This article is republished from The Conversation under a Creative Commons license. Read the original article.

Pregnant women should take extra care to minimise their exposure to bushfire smoke



Pregnant women should try to stay inside when the air pollution is high.
From shutterstock.com

Sarah Robertson, University of Adelaide and Louise Hull, University of Adelaide

Smoke haze from Australia’s catastrophic bushfires is continuing to affect many parts of the country.

Although there’s no safe level of air pollution, the health hazards tend to be greatest for vulnerable groups. Alongside people with pre-existing conditions, smoke exposure presents unique risks for pregnant women.

Research shows prolonged exposure to bushfire smoke increases the risk of pregnancy complications including high blood pressure, gestational diabetes, low birth weight and premature birth (before 37 weeks).

These conditions can have short-term and lifelong effects on a baby’s health, with increased risk of conditions including cerebral palsy and visual or hearing impairment. Even babies born only a few weeks early can experience learning difficulties and behavioural problems, and have an elevated risk of heart disease in later life.

So it’s especially important pregnant women protect themselves from exposure to bushfire smoke.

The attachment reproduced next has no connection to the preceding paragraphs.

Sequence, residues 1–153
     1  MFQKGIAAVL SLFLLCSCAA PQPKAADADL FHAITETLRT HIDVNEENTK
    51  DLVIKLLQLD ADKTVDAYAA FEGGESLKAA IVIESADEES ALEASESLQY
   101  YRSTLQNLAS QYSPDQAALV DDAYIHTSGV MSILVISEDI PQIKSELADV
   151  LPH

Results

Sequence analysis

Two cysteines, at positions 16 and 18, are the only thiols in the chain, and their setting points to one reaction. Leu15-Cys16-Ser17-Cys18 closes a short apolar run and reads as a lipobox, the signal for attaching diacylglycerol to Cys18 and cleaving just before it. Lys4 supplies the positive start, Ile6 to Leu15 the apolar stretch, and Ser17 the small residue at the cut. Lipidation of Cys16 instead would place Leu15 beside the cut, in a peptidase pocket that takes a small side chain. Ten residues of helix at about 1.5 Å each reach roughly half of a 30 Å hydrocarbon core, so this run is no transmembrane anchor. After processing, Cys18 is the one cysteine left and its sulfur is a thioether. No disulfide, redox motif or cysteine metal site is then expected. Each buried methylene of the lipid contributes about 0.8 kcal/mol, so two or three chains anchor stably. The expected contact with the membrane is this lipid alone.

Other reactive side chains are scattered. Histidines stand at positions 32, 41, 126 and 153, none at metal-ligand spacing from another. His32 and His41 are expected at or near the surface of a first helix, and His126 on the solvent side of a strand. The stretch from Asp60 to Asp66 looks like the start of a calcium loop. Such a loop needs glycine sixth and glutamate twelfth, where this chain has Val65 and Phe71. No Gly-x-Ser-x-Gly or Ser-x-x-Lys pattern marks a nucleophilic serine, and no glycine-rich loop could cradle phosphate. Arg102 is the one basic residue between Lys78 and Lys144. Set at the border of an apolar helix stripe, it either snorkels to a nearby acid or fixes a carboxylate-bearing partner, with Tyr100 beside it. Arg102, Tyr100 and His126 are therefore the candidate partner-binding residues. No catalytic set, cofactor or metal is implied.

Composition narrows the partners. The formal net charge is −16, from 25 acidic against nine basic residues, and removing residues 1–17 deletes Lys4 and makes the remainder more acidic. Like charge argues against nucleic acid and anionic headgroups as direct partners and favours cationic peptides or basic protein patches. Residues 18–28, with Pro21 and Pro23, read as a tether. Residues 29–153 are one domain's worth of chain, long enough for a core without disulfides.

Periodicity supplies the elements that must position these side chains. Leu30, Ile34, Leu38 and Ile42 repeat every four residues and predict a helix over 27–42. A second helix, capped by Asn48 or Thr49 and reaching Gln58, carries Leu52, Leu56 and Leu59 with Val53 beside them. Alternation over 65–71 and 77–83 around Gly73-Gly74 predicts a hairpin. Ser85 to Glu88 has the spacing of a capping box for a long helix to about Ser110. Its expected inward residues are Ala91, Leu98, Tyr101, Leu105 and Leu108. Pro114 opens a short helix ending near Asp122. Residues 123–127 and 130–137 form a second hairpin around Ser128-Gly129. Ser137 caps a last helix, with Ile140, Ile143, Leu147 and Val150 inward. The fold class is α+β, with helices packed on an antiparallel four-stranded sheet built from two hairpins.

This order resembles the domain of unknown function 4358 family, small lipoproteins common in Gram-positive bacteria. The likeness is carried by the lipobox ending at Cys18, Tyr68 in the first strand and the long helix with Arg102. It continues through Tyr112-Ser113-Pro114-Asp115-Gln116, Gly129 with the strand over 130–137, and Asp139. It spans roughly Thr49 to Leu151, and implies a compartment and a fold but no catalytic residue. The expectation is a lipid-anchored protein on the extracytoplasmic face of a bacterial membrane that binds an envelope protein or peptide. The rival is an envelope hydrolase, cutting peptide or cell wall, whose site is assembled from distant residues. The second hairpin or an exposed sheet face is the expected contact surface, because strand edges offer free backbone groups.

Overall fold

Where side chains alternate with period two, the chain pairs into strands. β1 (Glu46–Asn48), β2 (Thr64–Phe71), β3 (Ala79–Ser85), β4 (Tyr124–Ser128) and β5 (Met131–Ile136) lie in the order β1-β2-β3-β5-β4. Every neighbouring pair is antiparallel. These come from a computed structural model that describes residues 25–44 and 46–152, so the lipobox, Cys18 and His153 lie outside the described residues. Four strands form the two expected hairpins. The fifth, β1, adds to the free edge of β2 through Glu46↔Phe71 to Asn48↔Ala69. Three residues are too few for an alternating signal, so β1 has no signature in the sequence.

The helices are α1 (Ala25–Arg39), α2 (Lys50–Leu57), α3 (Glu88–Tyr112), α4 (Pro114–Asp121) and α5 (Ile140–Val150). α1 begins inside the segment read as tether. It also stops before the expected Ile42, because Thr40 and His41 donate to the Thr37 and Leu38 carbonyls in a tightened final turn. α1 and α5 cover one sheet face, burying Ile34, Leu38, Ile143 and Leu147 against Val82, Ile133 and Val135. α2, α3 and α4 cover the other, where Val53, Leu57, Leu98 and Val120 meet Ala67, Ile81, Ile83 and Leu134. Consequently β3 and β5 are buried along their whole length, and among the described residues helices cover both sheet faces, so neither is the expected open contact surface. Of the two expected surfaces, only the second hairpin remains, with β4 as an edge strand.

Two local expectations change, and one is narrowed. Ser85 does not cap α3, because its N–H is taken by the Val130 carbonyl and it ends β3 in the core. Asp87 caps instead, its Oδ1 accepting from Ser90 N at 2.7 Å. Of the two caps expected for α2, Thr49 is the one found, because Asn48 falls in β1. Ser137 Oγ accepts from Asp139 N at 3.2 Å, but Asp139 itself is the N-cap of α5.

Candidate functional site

Read more:
How does poor air quality from bushfire smoke affect our health?


Why are pregnant women at higher risk?

Pregnant women breathe at an increased rate, and their hearts need to work harder than those of non-pregnant people to transport oxygen to the fetus. This makes them particularly vulnerable to the effects of air pollution, including bushfire smoke.

We often measure poor air quality by the presence of ultra-fine particles called PM2.5 (small particles of less than 2.5 micrometres in size). These particles are concerning because they can penetrate into our lungs, and into blood and tissue to cause inflammation throughout the body.

Importantly in pregnant women, environmental pollutants can cause inflammatory damage to the placenta’s blood supply. This can interfere with the placenta’s development and function, which can in turn compromise the growth of the fetus.

What the evidence says

Many studies have linked poor air quality, particularly high PM2.5 levels, to poor pregnancy outcomes. Data from 183 countries showed in 2010, an estimated 2.7 million premature births, 18% of the total, were associated with PM2.5 pollution.

A 2019 study of more than 500,000 pregnant women from Colorado looked at the effect of bushfire smoke on pregnancy outcomes. The authors analysed data on air quality, fire incidence and pregnancy and birth records from 2007-2015, during which time Colorado was regularly affected by smoke from fires burning in California and the Pacific Northwest.

The study found PM2.5 due to bushfire smoke was linked to spikes in premature birth, especially in women exposed during the second trimester.

In women exposed to smoke during the first trimester, birth weight was lower than average. Further, exposure during any trimester increased the chance of gestational diabetes and high blood pressure.

The effects were detectable even with low exposure to smoke and small increases in PM2.5. For every 1 microgram/m³ increase in average daily exposure to PM2.5 during the second trimester of pregnancy, the risk of premature birth increased by 13%.